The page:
Leonardo da Vinci: "All our knowledge has its origins in our perceptions"

Self-portrait, circa 1512

Leonardo da Vinci was a Florentine artist, one of the great masters of
the High Renaissance, who was also celebrated as a painter, sculptor,
architect, engineer, and scientist. His profound love of knowledge and
research was the keynote of both his artistic and scientific endeavors.
His innovations in the field of painting influenced the course of
Italian art for more than a century after his death, and his scientific
studies—particularly in the fields of anatomy, optics, and hydraulics—
anticipated many of the developments of modern science.

Early Life in Florence
Leonardo was born on April 15, 1452, in the small Tuscan town
of Vinci, near Florence. He was the son of a wealthy Florentine
notary and a peasant woman. In the mid-1460s the family settled in
Florence, where Leonardo was given the best education that Florence,
the intellectual and artistic center of Italy, could offer. He rapidly
advanced socially and intellectually. He was handsome, persuasive
in conversation, and a fine musician and improviser. About 1466 he
was apprenticed as a garzone (studio boy) to Andrea del Verrocchio,
the leading Florentine painter and sculptor of his day. In Verrocchio's
workshop Leonardo was introduced to many activities, from the
painting of altarpieces and panel pictures to the creation of large
sculptural projects in marble and bronze. In 1472 he was entered in
the painter's guild of Florence, and in 1476 he is still mentioned as
Verrocchio's assistant. In Verrocchio's Baptism of Christ (circa 1470,
Galleria degli Uffizi, Florence), the kneeling angel at the left of the
painting is by Leonardo.
In 1478 Leonardo became an independent master. His first
commission, to paint an altarpiece for the chapel of the Palazzo
Vecchio, the Florentine town hall, was never executed. His first large
painting, The Adoration of the Magi (begun 1481, Galleria degli
Uffizi), left unfinished, was ordered in 1481 for the Monastery of San
Donato a Scopeto, Florence. Other works ascribed to his youth are the
so-called Benois Madonna (c. 1478, Hermitage, Saint Petersburg), the
portrait Ginerva de' Benci (c. 1474, National Gallery, Washington,
D.C.), and the unfinished Saint Jerome (c. 1481, Pinacoteca, Vatican).

Leonardo da Vinci

Years in Milan
About 1482 Leonardo entered the service of the duke of Milan,
Ludovico Sforza, having written the duke an astonishing letter in
which he stated that he could build portable bridges; that he knew the
techniques of constructing bombardments and of making cannons; that
he could build ships as well as armored vehicles, catapults, and other
war machines; and that he could execute sculpture in marble, bronze,
and clay. He served as principal engineer in the duke's numerous
military enterprises and was active also as an architect. In addition, he
assisted the Italian mathematician Luca Pacioli in the celebrated work
Divina Proportione (1509).

Evidence indicates that Leonardo had apprentices and pupils in Milan,
for whom he probably wrote the various texts later compiled as
Treatise on Painting (1651; trans. 1956). The most important of his
own paintings during the early Milan period was The Virgin of the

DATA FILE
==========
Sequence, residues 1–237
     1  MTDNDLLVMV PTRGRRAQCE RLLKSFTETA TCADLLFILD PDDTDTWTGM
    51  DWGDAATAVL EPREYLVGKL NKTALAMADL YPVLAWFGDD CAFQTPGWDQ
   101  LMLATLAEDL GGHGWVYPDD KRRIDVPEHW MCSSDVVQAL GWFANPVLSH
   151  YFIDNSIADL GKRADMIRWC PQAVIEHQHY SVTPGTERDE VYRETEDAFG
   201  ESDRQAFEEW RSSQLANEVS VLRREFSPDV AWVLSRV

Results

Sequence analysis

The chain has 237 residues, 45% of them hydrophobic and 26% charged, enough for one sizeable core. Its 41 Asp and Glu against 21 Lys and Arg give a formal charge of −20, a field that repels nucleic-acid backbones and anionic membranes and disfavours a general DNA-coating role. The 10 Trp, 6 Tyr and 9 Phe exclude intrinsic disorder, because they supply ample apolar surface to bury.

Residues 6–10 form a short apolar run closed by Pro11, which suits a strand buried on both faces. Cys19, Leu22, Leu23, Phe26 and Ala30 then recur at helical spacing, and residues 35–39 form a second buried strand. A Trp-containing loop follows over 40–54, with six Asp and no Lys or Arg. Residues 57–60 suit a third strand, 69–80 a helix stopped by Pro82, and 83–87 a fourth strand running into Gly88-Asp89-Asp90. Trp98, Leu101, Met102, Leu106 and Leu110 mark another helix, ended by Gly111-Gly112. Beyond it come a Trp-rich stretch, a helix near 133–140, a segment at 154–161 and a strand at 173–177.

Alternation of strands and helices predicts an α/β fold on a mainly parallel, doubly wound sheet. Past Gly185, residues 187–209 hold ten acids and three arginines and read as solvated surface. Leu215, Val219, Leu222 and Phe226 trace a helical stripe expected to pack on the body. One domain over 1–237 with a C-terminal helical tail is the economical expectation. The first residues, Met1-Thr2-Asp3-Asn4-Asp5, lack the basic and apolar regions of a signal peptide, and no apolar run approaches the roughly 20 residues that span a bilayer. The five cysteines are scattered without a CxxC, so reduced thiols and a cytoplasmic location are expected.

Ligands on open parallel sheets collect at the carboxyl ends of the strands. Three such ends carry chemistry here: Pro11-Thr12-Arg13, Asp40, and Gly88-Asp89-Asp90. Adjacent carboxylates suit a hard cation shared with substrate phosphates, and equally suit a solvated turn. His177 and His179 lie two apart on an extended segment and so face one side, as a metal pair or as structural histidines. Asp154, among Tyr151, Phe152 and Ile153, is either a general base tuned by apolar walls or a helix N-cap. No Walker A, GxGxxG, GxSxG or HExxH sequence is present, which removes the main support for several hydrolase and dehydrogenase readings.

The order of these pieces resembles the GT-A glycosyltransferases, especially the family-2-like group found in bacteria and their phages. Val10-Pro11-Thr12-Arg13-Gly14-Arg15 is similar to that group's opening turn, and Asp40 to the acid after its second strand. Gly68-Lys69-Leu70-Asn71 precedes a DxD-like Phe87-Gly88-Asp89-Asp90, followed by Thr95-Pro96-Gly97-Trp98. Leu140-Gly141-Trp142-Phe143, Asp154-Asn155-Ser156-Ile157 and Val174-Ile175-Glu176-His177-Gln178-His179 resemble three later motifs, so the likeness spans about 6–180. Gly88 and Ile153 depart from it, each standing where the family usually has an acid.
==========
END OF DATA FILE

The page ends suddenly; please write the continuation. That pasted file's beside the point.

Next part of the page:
Rocks, two versions of which exist (1483-85, Musée du Louvre, Paris;
1490s to 1506-08, National Gallery, London); he worked on the
compositions for a long time, as was his custom, seemingly unwilling
to finish what he had begun. From 1495 to 1497 Leonardo labored on
his masterpiece, The Last Supper, a mural in the refectory of the
Monastery of Santa Maria delle Grazie, Milan. Unfortunately, his
experimental use of oil on dry plaster (on what was the thin outer wall
of a space designed for serving food) was technically unsound, and by
1500 its deterioration had begun. Since 1726 attempts have been made,
unsuccessfully, to restore it; a concerted restoration and conservation
program, making use of the latest technology, was begun in 1977 and
is reversing some of the damage. Although much of the original
surface is gone, the majesty of the composition and the penetrating
characterization of the figures give a fleeting vision of its vanished
splendor. During his long stay in Milan, Leonardo also produced other
paintings and drawings (most of which have been lost), theater
designs, architectural drawings, and models for the dome of Milan
Cathedral. His largest commission was for a colossal bronze
monument to Francesco Sforza, father of Ludovico, in the courtyard of
Castello Sforzesco. In December 1499, however, the Sforza family
was driven from Milan by French forces; Leonardo left the statue
unfinished (it was destroyed by French archers, who used it as a target)
and he returned to Florence in 1500.

Return to Florence
In 1502 Leonardo entered the service of Cesare Borgia, duke of
Romagna and son and chief general of Pope Alexander VI; in his
capacity as the duke's chief architect and engineer, Leonardo
supervised work on the fortresses of the papal territories in central
Italy. In 1503 he was a member of a commission of artists who were to
decide on the proper location for the David (1501-04, Accademia,
Florence), the famous colossal marble statue by the Italian sculptor
Michelangelo, and he also served as an engineer in the war against
Pisa. Toward the end of the year Leonardo began to design a
decoration for the great hall of the Palazzo Vecchio. The subject was
the Battle of Anghiari, a Florentine victory in its war with Pisa. He
made many drawings for it and completed a full-size cartoon, or
sketch, in 1505, but he never finished the wall painting. The cartoon
itself was destroyed in the 17th century, and the composition survives
only in copies, of which the most famous is the one by the Flemish
painter Peter Paul Rubens (c. 1615, Musée du Louvre). During this
second Florentine period, Leonardo painted several portraits, but the
only one that survives is the famous Mona Lisa (1503-06, Musée du
Louvre). One of the most celebrated portraits ever painted, it is also
known as La Gioconda, after the presumed name of the woman's
husband. Leonardo seems to have had a special affection for the